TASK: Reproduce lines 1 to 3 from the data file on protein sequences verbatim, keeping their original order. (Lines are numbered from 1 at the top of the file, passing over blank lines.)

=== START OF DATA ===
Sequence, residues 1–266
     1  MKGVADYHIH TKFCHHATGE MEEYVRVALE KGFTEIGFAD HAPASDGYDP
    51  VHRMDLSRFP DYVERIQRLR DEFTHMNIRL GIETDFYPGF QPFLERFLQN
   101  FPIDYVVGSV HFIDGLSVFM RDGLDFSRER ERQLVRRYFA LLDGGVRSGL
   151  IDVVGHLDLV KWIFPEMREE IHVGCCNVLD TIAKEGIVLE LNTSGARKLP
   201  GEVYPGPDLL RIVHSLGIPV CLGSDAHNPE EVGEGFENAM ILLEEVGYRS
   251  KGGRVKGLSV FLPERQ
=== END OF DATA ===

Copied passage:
Sequence, residues 1–266
     1  MKGVADYHIH TKFCHHATGE MEEYVRVALE KGFTEIGFAD HAPASDGYDP
    51  VHRMDLSRFP DYVERIQRLR DEFTHMNIRL GIETDFYPGF QPFLERFLQN